Monday, April 30, 2007
We wanted to tell everyone what we are doing here in Ukraine. We are teaching English. A lot.
Monday night – one young man who needs tutoring
Tuesday and Thursday night – a class in the new church plant (about seven students)
Friday and Saturday – a couple who are moving to Minnesota in the fall
Friday, Saturday, and Sunday, we help Steph with her classes of children
It should be easy, but we are teaching English to Romanian speakers in a country that doesn’t generally speak either language, so there are no resources available except the internet. We spend time searching the internet for tools and information and then Brandy, who is a great teacher, shares her expertise with us and we do it. I think we could do it better if we had some sort of resources available, but what might be here is in Russian. That won’t help us!
We are having a good time and working hard. In some cases the purpose of teaching English is to better prepare pastors who will be working with more and more English speaking pastors, in others the purpose is to draw non-believers to the churches. In the villages the purpose is to help grow the local church. And with our couple we work with, it's to help them be prepared to move to the United States.
Tuesday, April 17, 2007
We don't know if you have kept up with the world news, but here in Ukraine is a bit of a fuss over the government issues. The president has fired the entire parliment and they are protesting, so we were encouraged to avoid the downtown part of Kiev. Ron, Brandy and Steph were exploring the city and stopped by to see the riot sights. It was relatively calm because of the coming holiday, but the tents were up and people had signs communicating something in Russian/Ukranian that was important to them!
As these three wandered the city, they traveled the Metro and, like moles, occassionally came to the surface to see where they were. In this way, they saw the upside and the downside of Kiev. They enjoyed the Metro system - Ron says, "it was a blast!" Not that they knew where they were, but they learned to use the Metro and found their way home without problem.
I stayed with Valari and the kids. We had a quiet day of visiting and playing with the kids! Easter was a good time in Kiev.
We have to confess to our excess issues in Kiev. There are 23 McDonalds in Kiev, TGI Fridays and Baskin and Robins! Don't misunderstand we tried to visit all of them while we were there. It was good to see American food (especially with lettuce) and the confession continues. We did visit five McDonalds while we were in Kiev. There are none in Cernauti. But the ice cream was a major treat!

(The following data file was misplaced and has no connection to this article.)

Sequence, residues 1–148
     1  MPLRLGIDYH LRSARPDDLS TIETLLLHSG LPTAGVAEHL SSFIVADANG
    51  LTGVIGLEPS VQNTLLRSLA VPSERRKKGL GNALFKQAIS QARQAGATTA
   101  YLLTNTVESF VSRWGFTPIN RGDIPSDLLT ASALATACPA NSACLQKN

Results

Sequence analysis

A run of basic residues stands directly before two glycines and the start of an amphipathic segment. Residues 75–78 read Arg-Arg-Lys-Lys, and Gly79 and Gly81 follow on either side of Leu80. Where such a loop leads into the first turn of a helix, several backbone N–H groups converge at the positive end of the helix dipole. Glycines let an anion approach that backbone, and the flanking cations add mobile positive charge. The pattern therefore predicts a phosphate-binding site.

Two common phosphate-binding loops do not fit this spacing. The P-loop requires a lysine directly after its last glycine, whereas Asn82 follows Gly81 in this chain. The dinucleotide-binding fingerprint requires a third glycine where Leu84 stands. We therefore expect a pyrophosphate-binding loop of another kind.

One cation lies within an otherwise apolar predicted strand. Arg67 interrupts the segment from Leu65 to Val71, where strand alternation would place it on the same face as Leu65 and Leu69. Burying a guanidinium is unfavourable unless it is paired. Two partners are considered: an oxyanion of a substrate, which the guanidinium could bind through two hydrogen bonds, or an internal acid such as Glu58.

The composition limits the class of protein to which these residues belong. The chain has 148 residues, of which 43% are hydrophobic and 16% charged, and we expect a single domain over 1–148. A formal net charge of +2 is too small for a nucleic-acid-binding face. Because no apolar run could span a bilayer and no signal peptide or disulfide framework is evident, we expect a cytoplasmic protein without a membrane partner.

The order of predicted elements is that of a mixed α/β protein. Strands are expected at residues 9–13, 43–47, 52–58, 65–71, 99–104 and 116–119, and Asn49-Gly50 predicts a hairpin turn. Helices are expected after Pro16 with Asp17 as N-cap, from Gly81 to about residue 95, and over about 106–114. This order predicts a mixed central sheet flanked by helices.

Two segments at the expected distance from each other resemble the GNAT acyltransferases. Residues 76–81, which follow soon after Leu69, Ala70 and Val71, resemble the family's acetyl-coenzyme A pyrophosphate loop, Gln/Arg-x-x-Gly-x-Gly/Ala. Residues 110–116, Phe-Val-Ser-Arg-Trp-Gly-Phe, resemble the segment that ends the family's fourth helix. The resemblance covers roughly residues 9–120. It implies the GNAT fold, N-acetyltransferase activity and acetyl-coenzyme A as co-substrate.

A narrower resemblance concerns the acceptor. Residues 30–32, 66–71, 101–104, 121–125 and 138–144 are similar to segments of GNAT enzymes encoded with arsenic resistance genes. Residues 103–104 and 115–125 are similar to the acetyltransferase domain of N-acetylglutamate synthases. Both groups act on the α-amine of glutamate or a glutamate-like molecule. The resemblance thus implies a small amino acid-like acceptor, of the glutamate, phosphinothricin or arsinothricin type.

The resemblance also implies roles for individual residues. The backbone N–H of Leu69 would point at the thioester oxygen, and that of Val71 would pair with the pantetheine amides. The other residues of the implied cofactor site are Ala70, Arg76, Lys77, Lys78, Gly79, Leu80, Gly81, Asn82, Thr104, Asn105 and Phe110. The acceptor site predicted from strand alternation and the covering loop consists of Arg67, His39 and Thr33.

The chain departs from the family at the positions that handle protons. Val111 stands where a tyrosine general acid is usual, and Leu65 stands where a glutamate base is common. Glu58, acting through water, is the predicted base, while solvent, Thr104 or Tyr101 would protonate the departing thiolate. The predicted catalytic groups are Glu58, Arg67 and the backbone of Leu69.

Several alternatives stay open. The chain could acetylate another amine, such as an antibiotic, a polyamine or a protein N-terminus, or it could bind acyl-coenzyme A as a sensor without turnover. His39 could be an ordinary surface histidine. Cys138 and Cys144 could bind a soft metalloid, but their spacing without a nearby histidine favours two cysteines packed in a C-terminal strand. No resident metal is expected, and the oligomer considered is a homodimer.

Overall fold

Jonathan and Emma were sweet children and it was a joy to visit with Slavic and Valari and compare information about living in Eastern Europe. The top center picture is the view outside Valari's apartment window. After the ten hour bus ride to Kiev, we had a day of rest then we were off to the city to explore! The last five pictures were taken in the city near the WWII memorial. Note that we are sitting on these fancy soviet tanks, it sure seems strange to me! Kiev is a beautiful city and is growing and changing rapidly. It's amazing that when we were first in Kiev it was so different, now it looks like any major city in Europe.
Tuesday, April 03, 2007
This is our team leader here in Ukraine, Silas. He is leading by example, he is ironing his own shirt for church the next day because it is appropriate to look as if you ironed your clothing in Eastern Europe and no one volunteered to do it for him!
Good job Silas!
Interesting. In the United States we travel from state to state without thinking much about the border. If you are on vacation, you might take a picture of the sign that welcomes you to the new state, but that all there is to it. In Europe, the borders are different. Although the countries are smaller than many states they have firm, uncrossable borders. The border between Ukraine and Romania is electrified, barbed wired, and about ten feet high. And every several kilometers there is a little border station, where there is a little border guard with a big gun.
Like all of Eastern Europe, if you get sick you go to the local pharmacy and buy the antibiotic the internet recommends for a specific illness, which you have diagnosed yourself. Well, Steph was sick with a very, very sore throat and was positive it was Strep, so we looked up the correct antibiotic and she went out to buy it. After two tries, she did get Penicillian, but the only available form is in the injection. I got to show her and Brandy how to give injections. This was the most fun you could imagine. I never knew that my opportunity to stab a needle into another person would come on the mission field. God is so good! This is us in our tiny kitchen experimenting on other human beings.